As is the case for animal mounts, taxidermists are selling property if they sell fish mounts they own.

If you are not sure whether you are providing a service or property, you may ask for a written ruling or interpretation. See GST/HST Memorandum 1.4, Excise and GST/HST Rulings and Interpretations Service, for more information.

Sales to non-residents

Taxidermy services provided to non-residents

Services provided to non-residents are taxable when they are in respect of property situated in Canada at the time the service is performed. Consequently, taxidermists' services are taxable even when their clients are non-residents.

Example 5

A non-resident comes to Canada on a hunting trip and contracts with a Canadian taxidermist to have an animal mounted. After the taxidermy service is provided, the taxidermist ships the mount to the hunter outside Canada. The taxidermist's service to the non-resident is taxable because the service is in respect of property situated in Canada at the time the service is provided.

Services on property temporarily imported into Canada

Services in respect of property can be zero-rated if both of the following conditions are met:

Any parts or materials used in conjunction with the service are also zero-rated.

Example 6

A non-resident ships a damaged mounted bird from outside Canada to a taxidermist in Canada for repair. The taxidermist exports the mount immediately after the service is performed. The taxidermist's service is zero-rated because the mounted bird that is ordinarily situated outside Canada is temporarily imported into Canada for the sole purpose of having the service performed and is exported as soon as possible after the service is performed.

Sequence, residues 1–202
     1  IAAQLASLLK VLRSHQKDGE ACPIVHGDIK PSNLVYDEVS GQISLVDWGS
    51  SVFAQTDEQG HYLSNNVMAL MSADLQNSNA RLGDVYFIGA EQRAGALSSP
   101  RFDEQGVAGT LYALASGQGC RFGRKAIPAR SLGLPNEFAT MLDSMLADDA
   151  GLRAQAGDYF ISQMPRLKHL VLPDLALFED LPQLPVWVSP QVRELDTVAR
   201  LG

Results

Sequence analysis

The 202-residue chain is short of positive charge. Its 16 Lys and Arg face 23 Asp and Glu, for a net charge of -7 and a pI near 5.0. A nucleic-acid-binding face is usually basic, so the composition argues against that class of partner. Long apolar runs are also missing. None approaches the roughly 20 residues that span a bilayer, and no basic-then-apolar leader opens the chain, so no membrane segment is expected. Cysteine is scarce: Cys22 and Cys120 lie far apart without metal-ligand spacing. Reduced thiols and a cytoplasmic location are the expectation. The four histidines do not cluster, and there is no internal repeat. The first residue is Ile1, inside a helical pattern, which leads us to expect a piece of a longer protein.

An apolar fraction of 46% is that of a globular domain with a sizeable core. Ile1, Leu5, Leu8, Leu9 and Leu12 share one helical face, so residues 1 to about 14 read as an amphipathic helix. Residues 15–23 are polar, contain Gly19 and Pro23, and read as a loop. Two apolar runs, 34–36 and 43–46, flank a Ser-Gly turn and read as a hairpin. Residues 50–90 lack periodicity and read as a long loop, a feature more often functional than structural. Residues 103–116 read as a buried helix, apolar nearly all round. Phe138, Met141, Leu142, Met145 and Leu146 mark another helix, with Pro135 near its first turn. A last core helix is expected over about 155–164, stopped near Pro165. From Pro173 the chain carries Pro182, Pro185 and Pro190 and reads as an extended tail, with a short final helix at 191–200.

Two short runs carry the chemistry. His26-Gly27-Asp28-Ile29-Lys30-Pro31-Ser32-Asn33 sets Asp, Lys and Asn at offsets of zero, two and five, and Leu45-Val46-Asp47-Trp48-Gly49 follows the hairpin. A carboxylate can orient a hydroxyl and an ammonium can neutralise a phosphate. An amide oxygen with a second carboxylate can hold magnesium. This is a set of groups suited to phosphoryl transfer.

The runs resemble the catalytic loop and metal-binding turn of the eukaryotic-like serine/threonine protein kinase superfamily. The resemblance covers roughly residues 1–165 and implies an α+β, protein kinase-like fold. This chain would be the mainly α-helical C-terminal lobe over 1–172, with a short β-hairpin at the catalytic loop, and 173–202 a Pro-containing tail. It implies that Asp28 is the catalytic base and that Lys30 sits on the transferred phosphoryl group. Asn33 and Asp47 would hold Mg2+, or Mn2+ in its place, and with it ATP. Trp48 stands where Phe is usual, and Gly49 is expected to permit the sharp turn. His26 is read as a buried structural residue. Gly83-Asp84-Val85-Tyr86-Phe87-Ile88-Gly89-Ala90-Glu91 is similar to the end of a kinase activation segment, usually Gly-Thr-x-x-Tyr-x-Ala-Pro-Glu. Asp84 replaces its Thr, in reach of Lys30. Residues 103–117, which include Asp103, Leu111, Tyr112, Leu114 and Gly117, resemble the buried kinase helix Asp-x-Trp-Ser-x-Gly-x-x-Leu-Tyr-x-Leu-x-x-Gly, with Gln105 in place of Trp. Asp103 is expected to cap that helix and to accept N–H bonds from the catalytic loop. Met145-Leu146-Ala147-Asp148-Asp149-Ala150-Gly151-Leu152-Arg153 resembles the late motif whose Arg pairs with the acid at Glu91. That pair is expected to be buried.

Sale of property to non-resident consumers

A sale of property to a non-resident consumer is zero-rated when a taxidermist:

Example 7

A non-resident consumer comes to Canada on a fishing trip. The non-resident catches a fish that is photographed and released. The non-resident contracts with a Canadian taxidermist to have a replica made from the picture that was taken. The taxidermist creates the replica and ships it outside Canada. The sale is zero-rated because the replica is property and the taxidermist ships the property to the non-resident consumer at an address outside Canada.

If the non-resident consumer takes delivery of the property in Canada, the sale is taxable.

Other export rules

The export rules described above explain the most common situations. If these rules differ from your particular situation, see the following publications for more information:

Input tax credits (ITC)

Taxidermists may claim an ITC to recover the GST/HST they pay on their business purchases such as manikins, habitats and accessories. They can claim ITCs even if the property they sell or the service they provide is zero-rated.

This info sheet does not replace the law found in the Excise Tax Act (the Act) and its Regulations. It is provided for your reference. As it may not completely address your particular operation, you may wish to refer to the Act or appropriate regulation, or contact any CRA GST/HST Rulings Centre for additional information. These centres are listed in GST/HST Memorandum 1.2, Canada Revenue Agency GST/HST Rulings Centres. If you wish to make a technical enquiry on the GST/HST by telephone, please call the toll-free number 1-800-959-8287. A ruling should be requested for certainty in respect of any particular GST/HST matter.

If you are located in Quebec and wish to make a technical enquiry or request a ruling related to the GST/HST, please contact Revenu Québec by calling the toll-free number 1-800-567-4692, or visit their Web site at www.revenu.gouv.qc.ca.

All GST/HST publications are available on the CRA Web site at www.cra-arc.gc.ca/tax/technical/gsthst-e.html.

Reference in CRA publications is made to the harmonized sales tax (HST) that applies to property and services provided in Nova Scotia, New Brunswick, and Newfoundland and Labrador (the "participating provinces") at the rate of 13%. The goods and services tax rate is 5%.